VAT SchemeIn the UK, the VAT Margin Scheme is a special initiative that can help retailers of second-hand goods reduce their liabilities for value-added tax (VAT). For used mobile phone vendors, this can help to protect profit margins and also give them the scope to reduce prices to encourage more customers to buy.

Marginal VAT is not, however, automatically available to every pre-owned phone retailer, and might not be the best option anyway. Here is a quick overview of when it makes sense to take advantage of marginal VAT, and when you should stick to the standard regime.

When the VAT Margin Scheme makes sense

Under standard VAT arrangements, retailers pay a portion of the price they charge for an item (currently 20%) to HMRC as VAT, but are then able to claim back the VAT on goods and other services they buy. The government recognised that businesses that sell second-hand goods are at a disadvantage under this system because there is often no VAT to claim back on stock they buy, for example if it comes from a private seller. It therefore devised the VAT Margin Scheme to compensate.

The VAT Margin Scheme allows used goods vendors, including pre-owned phone retailers, to calculate VAT on goods sold at a reduced rate (16.67%). In addition, VAT isn’t charged on the full sale price of the item as normal, but on the difference between what the item was bought for and what it sold for, the margin made. Taken together, these two stipulations can greatly reduce the amount of VAT used phone businesses have to pay and the profit they make.

The VAT Margin Scheme is therefore attractive to used phone retailers, and makes sense in most circumstances. The big condition is that you can only use it if there was no VAT payable on the stock when you bought it, or in other words, if it was sourced from a private seller or a non-VAT registered business.

When to stick with standard VAT

If you buy second-hand or refurbished phones from a dealer who has to pay VAT on them, you have no choice but to use standard VAT accounting yourself. However, this does not automatically apply to dealing with large, VAT-registered wholesalers like Phoenix Cellular – we source a lot of our stock from small dealers and private sellers where VAT is not applicable, taking advantage of the VAT Margin Scheme and passing the benefit on to our customers.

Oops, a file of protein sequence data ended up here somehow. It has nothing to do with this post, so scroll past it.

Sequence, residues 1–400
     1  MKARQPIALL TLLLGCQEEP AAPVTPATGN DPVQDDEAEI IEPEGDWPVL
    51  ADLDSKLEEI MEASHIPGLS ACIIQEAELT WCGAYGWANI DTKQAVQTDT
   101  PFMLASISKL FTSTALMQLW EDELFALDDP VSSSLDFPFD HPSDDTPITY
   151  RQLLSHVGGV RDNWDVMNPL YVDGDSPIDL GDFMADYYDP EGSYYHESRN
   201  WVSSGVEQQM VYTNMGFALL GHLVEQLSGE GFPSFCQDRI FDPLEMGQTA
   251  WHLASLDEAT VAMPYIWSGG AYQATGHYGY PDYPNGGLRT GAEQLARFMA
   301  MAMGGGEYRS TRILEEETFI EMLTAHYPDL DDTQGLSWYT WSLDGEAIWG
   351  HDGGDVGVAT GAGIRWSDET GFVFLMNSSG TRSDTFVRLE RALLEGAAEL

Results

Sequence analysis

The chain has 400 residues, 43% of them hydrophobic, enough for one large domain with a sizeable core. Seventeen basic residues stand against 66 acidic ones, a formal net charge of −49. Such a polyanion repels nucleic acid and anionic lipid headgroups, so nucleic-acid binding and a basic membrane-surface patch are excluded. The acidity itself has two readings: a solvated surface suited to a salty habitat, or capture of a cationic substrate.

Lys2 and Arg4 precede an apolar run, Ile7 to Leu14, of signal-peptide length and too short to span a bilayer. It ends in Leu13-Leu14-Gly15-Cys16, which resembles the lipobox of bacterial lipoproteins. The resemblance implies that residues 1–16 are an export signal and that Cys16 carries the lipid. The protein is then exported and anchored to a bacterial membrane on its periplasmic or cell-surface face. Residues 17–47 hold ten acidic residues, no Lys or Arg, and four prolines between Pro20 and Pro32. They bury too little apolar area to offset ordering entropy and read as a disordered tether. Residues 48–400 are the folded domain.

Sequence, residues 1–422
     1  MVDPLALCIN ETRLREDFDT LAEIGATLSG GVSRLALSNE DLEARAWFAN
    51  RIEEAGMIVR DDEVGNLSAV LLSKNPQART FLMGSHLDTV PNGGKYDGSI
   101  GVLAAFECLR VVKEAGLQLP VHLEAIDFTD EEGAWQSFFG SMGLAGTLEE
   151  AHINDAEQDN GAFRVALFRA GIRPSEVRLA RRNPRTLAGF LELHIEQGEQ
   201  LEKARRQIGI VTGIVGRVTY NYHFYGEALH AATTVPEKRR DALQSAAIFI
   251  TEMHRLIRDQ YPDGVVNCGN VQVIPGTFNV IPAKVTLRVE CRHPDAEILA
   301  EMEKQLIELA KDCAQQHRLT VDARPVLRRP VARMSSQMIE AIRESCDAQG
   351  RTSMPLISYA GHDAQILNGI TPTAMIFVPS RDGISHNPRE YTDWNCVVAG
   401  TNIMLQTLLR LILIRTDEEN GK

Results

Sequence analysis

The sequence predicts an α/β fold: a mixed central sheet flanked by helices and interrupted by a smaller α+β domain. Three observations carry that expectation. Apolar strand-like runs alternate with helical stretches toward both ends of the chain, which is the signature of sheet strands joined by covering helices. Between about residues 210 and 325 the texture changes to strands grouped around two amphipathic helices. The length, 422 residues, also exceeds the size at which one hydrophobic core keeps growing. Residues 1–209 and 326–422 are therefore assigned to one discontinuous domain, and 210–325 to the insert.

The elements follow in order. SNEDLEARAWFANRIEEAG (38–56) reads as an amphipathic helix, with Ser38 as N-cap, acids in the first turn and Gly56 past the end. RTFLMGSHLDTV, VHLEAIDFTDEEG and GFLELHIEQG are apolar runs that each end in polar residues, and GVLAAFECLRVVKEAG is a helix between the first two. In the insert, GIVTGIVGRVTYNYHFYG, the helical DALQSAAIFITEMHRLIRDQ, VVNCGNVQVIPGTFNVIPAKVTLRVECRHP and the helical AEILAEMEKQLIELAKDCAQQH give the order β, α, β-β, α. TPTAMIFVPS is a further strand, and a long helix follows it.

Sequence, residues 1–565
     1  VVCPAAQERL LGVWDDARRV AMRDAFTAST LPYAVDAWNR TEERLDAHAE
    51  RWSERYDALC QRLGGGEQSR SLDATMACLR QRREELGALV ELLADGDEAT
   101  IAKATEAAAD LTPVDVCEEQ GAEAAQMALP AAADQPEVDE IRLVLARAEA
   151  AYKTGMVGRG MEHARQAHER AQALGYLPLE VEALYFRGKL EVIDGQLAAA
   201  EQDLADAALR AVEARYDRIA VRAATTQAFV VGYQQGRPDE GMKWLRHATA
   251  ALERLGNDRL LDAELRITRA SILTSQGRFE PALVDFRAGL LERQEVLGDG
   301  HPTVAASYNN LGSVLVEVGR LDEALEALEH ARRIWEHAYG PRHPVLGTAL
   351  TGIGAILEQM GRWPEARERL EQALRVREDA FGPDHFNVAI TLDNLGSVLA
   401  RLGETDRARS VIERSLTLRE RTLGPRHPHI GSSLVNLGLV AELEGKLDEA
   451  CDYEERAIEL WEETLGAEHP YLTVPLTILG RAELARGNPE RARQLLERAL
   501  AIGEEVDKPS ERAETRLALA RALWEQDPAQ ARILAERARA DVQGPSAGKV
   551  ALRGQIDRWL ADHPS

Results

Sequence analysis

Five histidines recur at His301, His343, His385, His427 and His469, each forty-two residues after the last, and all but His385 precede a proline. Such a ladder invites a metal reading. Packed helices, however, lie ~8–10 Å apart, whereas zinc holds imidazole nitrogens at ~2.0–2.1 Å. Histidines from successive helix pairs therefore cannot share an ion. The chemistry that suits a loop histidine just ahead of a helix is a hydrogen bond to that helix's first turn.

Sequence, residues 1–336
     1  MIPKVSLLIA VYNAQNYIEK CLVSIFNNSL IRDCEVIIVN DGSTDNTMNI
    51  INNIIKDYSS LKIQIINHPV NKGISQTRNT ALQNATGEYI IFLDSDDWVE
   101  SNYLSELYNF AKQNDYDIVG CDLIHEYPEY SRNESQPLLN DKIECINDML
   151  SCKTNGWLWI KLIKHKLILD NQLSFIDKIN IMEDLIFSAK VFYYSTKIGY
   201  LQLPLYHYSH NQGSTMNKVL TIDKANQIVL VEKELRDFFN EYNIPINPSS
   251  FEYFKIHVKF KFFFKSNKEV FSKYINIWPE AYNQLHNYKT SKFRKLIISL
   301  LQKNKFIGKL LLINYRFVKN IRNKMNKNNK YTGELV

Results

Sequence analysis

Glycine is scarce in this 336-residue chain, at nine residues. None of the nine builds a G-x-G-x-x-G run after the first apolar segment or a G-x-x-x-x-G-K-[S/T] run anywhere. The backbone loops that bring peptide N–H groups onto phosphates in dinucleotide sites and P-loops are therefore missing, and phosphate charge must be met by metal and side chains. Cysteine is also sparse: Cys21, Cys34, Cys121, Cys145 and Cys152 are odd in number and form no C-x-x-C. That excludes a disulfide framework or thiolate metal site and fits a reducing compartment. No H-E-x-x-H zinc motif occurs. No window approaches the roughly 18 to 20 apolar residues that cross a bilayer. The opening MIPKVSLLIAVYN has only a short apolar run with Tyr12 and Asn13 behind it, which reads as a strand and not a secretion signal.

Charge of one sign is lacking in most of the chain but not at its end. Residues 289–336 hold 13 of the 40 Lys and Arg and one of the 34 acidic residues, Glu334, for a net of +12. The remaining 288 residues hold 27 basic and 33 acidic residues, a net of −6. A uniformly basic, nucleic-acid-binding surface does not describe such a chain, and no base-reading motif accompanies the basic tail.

The main circumstance when you would use standard VAT over the marginal VAT scheme, even if your stock came from a non-liable source, would be if you focused on B2B retail, or supplying businesses with mobile phones. As businesses can claim back the VAT, there is an incentive for them to buy from a source using standard VAT – the higher VAT charged means they can claim back more money. Also, the convention in business retail is that you provide invoices with VAT-exclusive prices, so they can easily see the amount they can claim back. The rules on marginal VAT clearly state that it must be calculated on VAT-inclusive prices only, suggesting it is a scheme designed for B2C retail.

If you get your stock from a variety of sources, both VAT and non-VAT registered, or if your business has a mix of B2B and B2C customers, it can get complicated trying to keep tabs of how and when to use the marginal VAT scheme and when to use standard. In this case, if your revenues are below £150,000, it could make sense to use the Flat-Rate VAT Scheme, which is charged as a fixed percentage of your income rather than on everything you sell. Not only does it simplify accounting, you might end up paying less than if VAT was calculated using the standard method.

Where to get stock?

Phoenix Cellular hold one of Europes largest stock holding of used mobile phones on both the standard and marginal VAT scheme.  To get a copy of our stock list or to find out more about our prices, contact us on +441270 449999 or email sales@phoenixcellular.co.uk.

Phoenix Cellular recommend you speak with your accountant or VAT specialist for specific advice on the marginal, standard or flat rate VAT scheme.  The above information is for guidance only and not to be taken as advice.